By Helen Ballew
SPECIAL TO THE LOGOS
Have you ever noticed the big pile-up of trash near the Quarry Market at Jones Maltsburger? Or seen all those plastic bags caught up in trees just upstream?
Maybe you’ve noticed the trash pileups down the road just below St. Luke’s Episcopal Church or all throughout Olmos Basin Park along Devine Road. It’s a trash problem all right. And it is a problem throughout our urban landscape where litter gets caught up in floodwaters and washes downstream to choke points such as these.
No one sets out to litter our landscape, but it does happen.
Even here at Incarnate Word, we have a trash problem. Trash is carried down to us in floodwaters along Olmos Creek below the dam. It is blown in with the wind. It is spilled out of trashcans, and it is dropped on the ground by what, back in the ‘70s, we called “litterbugs.” Thoughtless behavior, not malicious.
Trash is an urban pollution problem, but is one within our grasp to solve — if we all pitch in.
Part of our local problem is that trash from throughout the 34-square mile Olmos Creek watershed is carried in floodwaters down towards the Olmos Dam in the area known as the Olmos Basin. It accumulates in several locations in the Olmos Basin, and backs up behind the Olmos Dam. Much of it then washes out from the dam onto property owners downstream, including Incarnate Word. Our neighbors, the Episcopal Diocese of West Texas and the 200 Patterson Condominiums, are also on the receiving end of this water-borne trash.
Early in 2010, our upstream and downstream neighbors banded together to try and address the problem rather than just complain about it. The San Antonio River Authority (SARA) responded to our citizen concerns by forming an advisory committee. Representatives of the City of Alamo Heights, Bexar County, City of San Antonio, San Antonio River Authority, Texas Department of Transportation, Episcopal Diocese of West Texas, Headwaters Coalition at Incarnate Word, Hondondo Trails, Keep San Antonio Beautiful, San Antonio Audubon, 200 Patterson Condominiums and private citizens all shared concerns, observations, documentation and recommendations regarding the best way to address the trash problem without duplicating any existing efforts.
The result of these initial efforts was the formation of a new organization called the Olmos Basin Alliance. As a first tactic, the alliance has begun an all-out publicity campaign to help us ALL be more mindful of how we manage our trash. The campaign is called “Good Neighbors to Nature” and is reaching out to citizens, businesses and schools in the Olmos Basin with its message. The message is: let’s all be good neighbors to nature and be more mindful of what we do with our trash. Frankly, it’s a message for all of us who live in a watershed. (P.S. We all do.)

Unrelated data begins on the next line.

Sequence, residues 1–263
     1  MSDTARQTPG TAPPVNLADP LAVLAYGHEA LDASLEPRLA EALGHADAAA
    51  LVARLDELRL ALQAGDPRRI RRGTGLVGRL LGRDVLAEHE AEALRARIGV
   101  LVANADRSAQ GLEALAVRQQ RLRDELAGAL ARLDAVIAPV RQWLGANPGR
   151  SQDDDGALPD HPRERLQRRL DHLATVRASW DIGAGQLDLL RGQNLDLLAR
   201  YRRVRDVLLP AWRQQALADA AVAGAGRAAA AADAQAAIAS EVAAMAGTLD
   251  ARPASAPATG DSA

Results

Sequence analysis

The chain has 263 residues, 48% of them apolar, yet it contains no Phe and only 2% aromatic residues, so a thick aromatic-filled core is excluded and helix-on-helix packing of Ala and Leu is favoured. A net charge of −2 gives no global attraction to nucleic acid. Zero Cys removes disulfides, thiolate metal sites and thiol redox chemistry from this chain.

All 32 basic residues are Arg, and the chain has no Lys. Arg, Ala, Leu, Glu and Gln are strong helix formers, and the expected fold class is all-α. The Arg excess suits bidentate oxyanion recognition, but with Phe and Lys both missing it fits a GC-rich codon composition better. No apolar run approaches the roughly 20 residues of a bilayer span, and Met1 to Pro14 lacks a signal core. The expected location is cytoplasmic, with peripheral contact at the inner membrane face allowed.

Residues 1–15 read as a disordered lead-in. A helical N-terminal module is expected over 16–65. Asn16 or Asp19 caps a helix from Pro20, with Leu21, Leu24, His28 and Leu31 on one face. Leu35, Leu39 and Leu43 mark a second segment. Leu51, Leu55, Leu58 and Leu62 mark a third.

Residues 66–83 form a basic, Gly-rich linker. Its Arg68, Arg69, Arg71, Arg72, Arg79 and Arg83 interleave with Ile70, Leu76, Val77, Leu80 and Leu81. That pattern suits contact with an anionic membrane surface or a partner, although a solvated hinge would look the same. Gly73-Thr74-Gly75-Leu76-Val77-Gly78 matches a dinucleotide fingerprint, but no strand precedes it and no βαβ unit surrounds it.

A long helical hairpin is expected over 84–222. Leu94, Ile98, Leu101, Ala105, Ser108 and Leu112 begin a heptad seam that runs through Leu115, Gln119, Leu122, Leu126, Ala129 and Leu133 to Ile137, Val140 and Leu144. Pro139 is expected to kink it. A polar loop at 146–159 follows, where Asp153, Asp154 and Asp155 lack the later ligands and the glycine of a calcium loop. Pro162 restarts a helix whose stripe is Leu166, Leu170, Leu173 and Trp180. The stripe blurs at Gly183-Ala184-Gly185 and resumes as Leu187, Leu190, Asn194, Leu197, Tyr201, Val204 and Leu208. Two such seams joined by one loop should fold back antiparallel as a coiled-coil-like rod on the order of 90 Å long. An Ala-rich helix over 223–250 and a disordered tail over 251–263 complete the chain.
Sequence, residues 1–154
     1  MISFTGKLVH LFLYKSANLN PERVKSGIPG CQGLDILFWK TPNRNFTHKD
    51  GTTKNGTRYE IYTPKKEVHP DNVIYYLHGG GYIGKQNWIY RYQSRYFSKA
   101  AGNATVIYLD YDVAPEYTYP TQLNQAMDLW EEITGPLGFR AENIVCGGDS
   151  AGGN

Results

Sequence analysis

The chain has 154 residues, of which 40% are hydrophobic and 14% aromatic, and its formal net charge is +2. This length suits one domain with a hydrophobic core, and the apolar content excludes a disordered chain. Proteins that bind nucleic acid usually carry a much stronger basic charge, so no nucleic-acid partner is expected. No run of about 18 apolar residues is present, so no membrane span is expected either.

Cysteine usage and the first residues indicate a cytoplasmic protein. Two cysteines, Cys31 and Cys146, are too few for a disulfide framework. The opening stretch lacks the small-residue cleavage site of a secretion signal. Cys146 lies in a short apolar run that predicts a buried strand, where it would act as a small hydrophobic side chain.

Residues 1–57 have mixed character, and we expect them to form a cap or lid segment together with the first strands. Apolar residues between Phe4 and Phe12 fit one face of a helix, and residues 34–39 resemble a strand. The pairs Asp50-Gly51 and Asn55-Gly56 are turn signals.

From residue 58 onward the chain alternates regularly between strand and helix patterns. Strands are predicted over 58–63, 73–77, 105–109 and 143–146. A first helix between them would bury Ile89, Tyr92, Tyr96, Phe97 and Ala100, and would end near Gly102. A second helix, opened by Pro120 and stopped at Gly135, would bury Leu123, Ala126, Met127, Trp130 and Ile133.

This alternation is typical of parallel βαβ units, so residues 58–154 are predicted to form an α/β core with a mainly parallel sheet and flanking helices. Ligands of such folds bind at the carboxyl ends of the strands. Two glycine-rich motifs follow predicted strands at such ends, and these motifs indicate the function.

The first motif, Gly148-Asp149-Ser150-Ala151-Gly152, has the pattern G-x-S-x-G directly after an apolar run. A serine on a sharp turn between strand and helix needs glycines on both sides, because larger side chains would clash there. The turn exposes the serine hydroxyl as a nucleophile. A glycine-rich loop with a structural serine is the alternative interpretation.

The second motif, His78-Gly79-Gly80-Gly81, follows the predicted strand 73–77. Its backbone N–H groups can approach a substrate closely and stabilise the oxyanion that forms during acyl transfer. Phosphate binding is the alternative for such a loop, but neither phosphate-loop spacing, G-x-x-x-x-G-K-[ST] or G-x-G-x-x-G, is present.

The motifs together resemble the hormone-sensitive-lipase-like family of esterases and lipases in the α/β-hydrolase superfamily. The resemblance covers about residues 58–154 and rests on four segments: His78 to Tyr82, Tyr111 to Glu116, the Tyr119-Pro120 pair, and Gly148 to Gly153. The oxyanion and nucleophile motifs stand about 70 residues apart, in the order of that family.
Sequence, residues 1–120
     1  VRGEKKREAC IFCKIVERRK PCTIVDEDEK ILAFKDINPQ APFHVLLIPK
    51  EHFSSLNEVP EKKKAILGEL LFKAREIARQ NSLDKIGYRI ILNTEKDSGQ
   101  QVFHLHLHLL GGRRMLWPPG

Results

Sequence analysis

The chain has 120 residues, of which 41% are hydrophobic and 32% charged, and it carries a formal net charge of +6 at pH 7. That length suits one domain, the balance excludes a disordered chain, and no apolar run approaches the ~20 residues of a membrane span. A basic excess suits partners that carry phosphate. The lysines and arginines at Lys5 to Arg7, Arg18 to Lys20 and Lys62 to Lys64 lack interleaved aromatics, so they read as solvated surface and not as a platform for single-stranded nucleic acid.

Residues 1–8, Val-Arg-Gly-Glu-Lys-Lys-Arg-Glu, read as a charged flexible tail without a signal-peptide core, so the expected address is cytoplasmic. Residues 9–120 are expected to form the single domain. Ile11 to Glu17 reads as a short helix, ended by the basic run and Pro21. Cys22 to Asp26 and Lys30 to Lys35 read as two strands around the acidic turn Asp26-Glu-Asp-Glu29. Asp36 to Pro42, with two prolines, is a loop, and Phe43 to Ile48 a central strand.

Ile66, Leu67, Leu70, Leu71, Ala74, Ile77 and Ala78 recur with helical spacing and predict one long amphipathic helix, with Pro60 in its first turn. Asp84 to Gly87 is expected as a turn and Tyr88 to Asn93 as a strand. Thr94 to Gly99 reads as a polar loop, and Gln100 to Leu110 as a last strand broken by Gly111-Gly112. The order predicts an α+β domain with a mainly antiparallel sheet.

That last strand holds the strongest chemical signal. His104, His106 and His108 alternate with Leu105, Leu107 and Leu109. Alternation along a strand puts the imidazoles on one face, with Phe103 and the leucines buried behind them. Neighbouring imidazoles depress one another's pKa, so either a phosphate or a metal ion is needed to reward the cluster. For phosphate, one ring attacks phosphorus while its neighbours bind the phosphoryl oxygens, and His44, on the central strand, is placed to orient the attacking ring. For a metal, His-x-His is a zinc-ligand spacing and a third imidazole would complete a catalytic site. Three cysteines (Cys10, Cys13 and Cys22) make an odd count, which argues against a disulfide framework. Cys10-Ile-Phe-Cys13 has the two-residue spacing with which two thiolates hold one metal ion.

The first e-newsletter of the alliance was recently published and in it they offer several suggestions on how to be a “Good Neighbor to Nature.”
If you’d like to see the e-newsletter along with three very cool public service announcements put out by the alliance, go to www.Facebook.com/OlmosBasinAlliance. And let us know what you think about this new initiative to help us all “take out the trash.”
- If an outdoor trashcan is full, don’t pile more loose trash on top.
- Don’t set trash down next to the trashcan. Loose trash just blows away.
- Never throw trash out of your car window.
- Never set trash down in parking lots.
- Don’t even think about tossing loose trash in the back of a pickup truck.
- Use recyclable bags every time you shop. Bag the plastic.
- Do your part. Don’t litter. Spread the word about being a “good neighbor to nature.”
- Like the Olmos Basin Alliance Facebook fan page and watch the short videos found there.
E-mail Ballew, executive director of the Headwaters Coalition, a ministry of the Sisters of Charity of the Incarnate Word, at firstname.lastname@example.org